NYU Prison Education Program: Introduction to Computer Science & Code

Summer 2019
Prof. Arlene Ducao, arlduc [at] nyu.edu
Wednesdays, 12:15-3:15 PM
Wallkill State Correctional Facility

Overview

This course will prepare students to write basic software and web pages, and it will introduce a full foundation of computer science and design coding concepts that can be applied to many kinds of technical projects. Students will be exposed to Python, HTML, CSS, and the Unix operating system. This course will take place in the computer lab, so concepts will be demonstrated and discussed through hands-on computer exercises and assignments. Concepts include data types, data structures, syntax, tags, elements, attributes, functions, variables, expressions, inheritance, statements, and version control. 

Learning Goals

  1. Learn basic computer science concepts, including data types, non-decimal numeric systems, data structures, input and output, conditions, and iteration.
  2. Work with an IDE (integrated development environment).
  3. Write basic back-end functionality with Python.
  4. Write basic front-end styles with HTML and CSS.
  5. Learn best practices for writing code that other people can read.

Schedule

This is an approximate schedule. It is subject to change based on the general work pace of the computers and the students.

  1. Introduction & Best Practices
  1. Introduction and Best Practices
    • Python: The Way of the Program
    • HTML/CSS: Structure
    • Other: PyCharm, Notepad, Explorer. Non-decimal numerical systems (binary and hex), Boolean logic, data types.
  2. Introduction Continued
    • Python: Variables, Expressions, Statements
    • HTML/CSS: Text
  3. Writing Programs and Building Structure
    • Python: Functions
    • HTML/CSS: Lists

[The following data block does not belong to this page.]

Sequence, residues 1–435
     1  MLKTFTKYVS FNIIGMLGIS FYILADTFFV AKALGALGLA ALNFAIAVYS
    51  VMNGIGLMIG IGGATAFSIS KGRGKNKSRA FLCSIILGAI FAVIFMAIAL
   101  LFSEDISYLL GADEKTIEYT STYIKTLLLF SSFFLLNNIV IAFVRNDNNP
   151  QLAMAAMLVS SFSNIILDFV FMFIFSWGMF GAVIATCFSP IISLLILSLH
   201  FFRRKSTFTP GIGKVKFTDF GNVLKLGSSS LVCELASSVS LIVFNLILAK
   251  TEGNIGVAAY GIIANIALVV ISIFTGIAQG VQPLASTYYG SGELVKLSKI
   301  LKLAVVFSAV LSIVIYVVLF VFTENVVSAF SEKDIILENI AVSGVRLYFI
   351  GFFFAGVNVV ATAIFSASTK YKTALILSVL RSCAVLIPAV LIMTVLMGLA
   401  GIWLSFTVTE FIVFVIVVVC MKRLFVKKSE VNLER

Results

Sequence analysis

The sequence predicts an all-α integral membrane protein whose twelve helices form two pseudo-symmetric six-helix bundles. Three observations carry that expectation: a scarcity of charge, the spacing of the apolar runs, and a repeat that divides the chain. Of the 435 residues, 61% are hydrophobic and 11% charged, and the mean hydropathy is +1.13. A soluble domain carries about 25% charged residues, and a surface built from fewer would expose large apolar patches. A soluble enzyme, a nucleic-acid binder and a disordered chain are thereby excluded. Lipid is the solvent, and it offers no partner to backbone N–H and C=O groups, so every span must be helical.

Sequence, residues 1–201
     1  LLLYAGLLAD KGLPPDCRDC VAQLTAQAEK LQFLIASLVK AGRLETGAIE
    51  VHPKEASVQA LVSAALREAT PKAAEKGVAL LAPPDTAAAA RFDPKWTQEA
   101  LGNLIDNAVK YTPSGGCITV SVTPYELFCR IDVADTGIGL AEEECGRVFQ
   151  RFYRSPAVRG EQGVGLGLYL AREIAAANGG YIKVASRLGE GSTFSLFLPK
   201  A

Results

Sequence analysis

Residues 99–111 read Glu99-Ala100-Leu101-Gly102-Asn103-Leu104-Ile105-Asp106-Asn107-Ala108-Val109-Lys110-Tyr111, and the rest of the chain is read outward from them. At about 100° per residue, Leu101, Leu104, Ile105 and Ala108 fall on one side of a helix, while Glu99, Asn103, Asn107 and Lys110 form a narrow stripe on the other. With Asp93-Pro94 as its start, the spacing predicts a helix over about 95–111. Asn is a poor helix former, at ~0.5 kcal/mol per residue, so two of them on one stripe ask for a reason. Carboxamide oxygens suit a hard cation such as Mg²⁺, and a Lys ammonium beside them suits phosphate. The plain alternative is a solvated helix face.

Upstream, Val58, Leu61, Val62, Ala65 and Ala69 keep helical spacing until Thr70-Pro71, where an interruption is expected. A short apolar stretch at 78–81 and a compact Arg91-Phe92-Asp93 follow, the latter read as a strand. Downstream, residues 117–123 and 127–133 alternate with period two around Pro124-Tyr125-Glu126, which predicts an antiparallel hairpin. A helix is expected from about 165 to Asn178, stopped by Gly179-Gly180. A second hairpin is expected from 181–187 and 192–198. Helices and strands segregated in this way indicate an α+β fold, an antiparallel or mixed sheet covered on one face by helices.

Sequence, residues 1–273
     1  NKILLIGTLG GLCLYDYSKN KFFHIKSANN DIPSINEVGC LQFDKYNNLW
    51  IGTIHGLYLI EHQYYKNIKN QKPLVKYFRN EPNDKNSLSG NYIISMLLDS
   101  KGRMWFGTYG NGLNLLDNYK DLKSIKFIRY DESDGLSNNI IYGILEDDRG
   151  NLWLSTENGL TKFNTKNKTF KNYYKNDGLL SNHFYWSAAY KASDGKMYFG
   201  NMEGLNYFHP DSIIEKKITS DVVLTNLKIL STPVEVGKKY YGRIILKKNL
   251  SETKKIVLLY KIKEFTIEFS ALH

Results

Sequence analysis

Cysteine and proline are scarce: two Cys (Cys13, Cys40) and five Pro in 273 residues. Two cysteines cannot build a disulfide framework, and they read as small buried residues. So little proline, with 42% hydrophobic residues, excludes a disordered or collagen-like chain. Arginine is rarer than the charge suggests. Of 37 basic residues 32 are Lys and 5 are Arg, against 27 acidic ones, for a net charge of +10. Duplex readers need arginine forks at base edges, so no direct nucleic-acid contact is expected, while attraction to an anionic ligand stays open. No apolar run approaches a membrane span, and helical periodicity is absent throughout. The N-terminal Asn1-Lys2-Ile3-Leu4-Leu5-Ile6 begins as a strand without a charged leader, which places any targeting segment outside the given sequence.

4. Case Studies: Designs
    • Python: Case Study: Interface Design
    • HTML/CSS: Links
  5. More Structure
    • Python: Conditionals and Recursion
    • HTML/CSS: Images
  6. Input and Output
    • Python: Fruitful Functions
    • HTML/CSS: Tables
  7. Looping Forward
    • Python: Iteration
    • HTML/CSS: Forms
  8. Strings and Styles
    • Python: Strings
    • HTML/CSS: Extra Markup
  9. Case Study and Cascading Styles
    • Python: Case Study: Word Play
    • HTML/CSS: Introducing CSS
  10. More Structure and Style
    • Python: Lists
    • HTML/CSS: Color
  11. Data Relationships
    • Python: Dictionaries
    • HTML/CSS: Text
  12. Wrap Up
    • Python: Tuples and Beyond
    • HTML/CSS: Boxes and Beyond

Course Books

Grading

Grades will be based on weekly assignments, which can be started in class. Grades are calculated as follows:

  • 30% Structure: Are all the parts of the program set up?
  • 25% Implementation:  Are all the parts of the program completed?
  • 25% Style: Have you thoughtfully used comments, variable naming, and function naming so as to help make the code understandable? Is your code organized and well indented? Is your code authored by you?
  • 20% Function:Does the program run on the computer properly? NOTE: This part can take the longest, so for the short assignments in this class, I recommend that you draft out the structure, basic implementation, and style first.